Sunday, September 28, 2008

What a way to end the summer!

I'm sad to see summer go but even more sad about the way it ended! Not with a big BBQ as we usually do but instead sick and in bed. Rooster and I have a cold for the past week. He missed a day of school and has been getting better. On the other hand, I've done nothing but sleep and cough and blow my nose for a week. Enough is enough! I guess I should count my blessings because Tater and Twitch haven't got it yet. They will probably wait until I'm better and pass it back to me.

Here's to hoping we all have a healthier fall and winter!

Tuesday, September 23, 2008

Finally, a diagnosis

Until 4 years ago, I lived with my bleeding problems without really giving it a second thought. The nosebleeds, the gum bleeds and my monthly cycle had just become a part of my life (albeit a pain to deal with) to me it was “normal” and just the way I was.

One morning I woke up with large bruises on each leg. They went from my hip to almost my knee. I couldn’t remember hitting my legs and certainly didn’t do anything to cause that much trauma. After much prodding by my mom and my husband, I called my doctor’s office and spoke to a nurse. When I explained what was going on she got me an appointment the following morning.

The next morning the nurse did a finger poke to check my iron level. She came back in minutes later to check it again. She said if the level was correct I would need an immediate blood transfusion. My doctor came in to tell me that results were accurate and he wasn’t sure how I was even walking. He scheduled me for admission to the hospital the following day to receive an iron infusion. He also drew blood to check for cancer and scheduled a colonoscopy and endoscopy to check for internal bleeding.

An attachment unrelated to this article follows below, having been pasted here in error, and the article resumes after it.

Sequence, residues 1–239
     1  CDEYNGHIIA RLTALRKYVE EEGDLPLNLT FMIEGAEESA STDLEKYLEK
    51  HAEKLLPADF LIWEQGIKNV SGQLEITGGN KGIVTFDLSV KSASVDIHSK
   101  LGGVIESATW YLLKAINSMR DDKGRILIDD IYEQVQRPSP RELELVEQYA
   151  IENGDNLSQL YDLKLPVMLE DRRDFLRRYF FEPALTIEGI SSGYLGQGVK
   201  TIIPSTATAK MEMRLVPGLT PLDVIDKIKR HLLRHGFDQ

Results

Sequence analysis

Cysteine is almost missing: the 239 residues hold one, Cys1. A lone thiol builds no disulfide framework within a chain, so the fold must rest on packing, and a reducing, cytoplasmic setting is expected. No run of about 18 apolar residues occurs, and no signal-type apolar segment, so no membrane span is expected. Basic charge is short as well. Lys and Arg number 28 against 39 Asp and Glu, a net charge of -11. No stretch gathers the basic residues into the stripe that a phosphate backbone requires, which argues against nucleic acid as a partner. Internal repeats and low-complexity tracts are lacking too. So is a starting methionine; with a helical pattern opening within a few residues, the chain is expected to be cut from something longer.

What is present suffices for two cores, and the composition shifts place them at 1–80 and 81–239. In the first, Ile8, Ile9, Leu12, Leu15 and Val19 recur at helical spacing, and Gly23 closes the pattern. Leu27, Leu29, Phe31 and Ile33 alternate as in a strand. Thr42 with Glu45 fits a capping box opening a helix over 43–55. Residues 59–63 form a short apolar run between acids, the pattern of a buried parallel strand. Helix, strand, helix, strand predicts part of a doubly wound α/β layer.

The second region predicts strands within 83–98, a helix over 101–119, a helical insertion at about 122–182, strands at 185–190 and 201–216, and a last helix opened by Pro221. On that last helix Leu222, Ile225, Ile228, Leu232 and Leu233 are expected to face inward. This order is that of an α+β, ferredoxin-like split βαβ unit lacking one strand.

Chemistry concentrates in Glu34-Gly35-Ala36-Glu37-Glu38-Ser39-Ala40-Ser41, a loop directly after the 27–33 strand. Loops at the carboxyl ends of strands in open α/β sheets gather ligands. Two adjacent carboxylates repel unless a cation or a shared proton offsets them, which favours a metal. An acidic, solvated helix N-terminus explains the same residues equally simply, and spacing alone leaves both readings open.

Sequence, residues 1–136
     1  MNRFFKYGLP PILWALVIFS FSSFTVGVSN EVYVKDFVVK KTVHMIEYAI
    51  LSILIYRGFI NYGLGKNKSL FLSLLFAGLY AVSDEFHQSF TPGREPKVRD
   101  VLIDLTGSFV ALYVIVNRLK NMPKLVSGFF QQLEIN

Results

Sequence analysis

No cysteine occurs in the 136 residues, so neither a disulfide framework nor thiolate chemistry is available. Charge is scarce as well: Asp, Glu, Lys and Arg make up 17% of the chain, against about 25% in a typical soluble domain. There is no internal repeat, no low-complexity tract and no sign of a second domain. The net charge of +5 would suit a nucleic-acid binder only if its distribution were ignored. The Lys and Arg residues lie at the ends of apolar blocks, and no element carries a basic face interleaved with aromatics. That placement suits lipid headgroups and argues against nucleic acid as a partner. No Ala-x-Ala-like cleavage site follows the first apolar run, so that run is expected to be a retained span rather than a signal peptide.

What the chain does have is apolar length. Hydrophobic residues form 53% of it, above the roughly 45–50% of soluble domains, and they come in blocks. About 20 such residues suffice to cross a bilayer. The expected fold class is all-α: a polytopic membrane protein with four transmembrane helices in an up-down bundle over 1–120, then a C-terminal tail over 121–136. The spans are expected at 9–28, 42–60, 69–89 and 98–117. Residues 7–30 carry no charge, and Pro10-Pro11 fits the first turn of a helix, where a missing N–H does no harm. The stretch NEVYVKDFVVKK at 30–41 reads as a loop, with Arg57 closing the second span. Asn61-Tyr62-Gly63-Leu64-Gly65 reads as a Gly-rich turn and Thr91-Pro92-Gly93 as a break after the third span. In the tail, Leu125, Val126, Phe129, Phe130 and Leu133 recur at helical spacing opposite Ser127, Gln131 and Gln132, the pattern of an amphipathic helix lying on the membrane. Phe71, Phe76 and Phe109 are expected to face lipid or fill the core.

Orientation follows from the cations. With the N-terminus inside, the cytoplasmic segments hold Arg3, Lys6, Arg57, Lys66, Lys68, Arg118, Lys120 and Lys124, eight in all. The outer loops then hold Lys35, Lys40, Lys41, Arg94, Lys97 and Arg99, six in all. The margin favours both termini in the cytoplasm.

All initial tests came back normal so the internist scheduled a test where I would swallow a camera so they could look more extensively for an internal bleed. While waiting to have my next test, I heard a commercial on the radio from the Utah Hemophilia Foundation talking about Von Willebrand’s Disease. The symptoms matched mine perfectly for once in my life I felt like a had an answer. At my appointment with the internist I expressed my concern about the upcoming test and requested he do a blood test for Von Willebrands. He refused saying that it would need to be my regular doctor who ran the test and “wouldn’t it be nice to be able to tell him there was absolutely no internal bleed”. Read here after you spend several thousands of dollars then we can do a simple blood test. I canceled the appointment for the camera test and scheduled an appointment with my doctor who was happy to do the test. It took about 2 weeks for me to get the call from my doctor.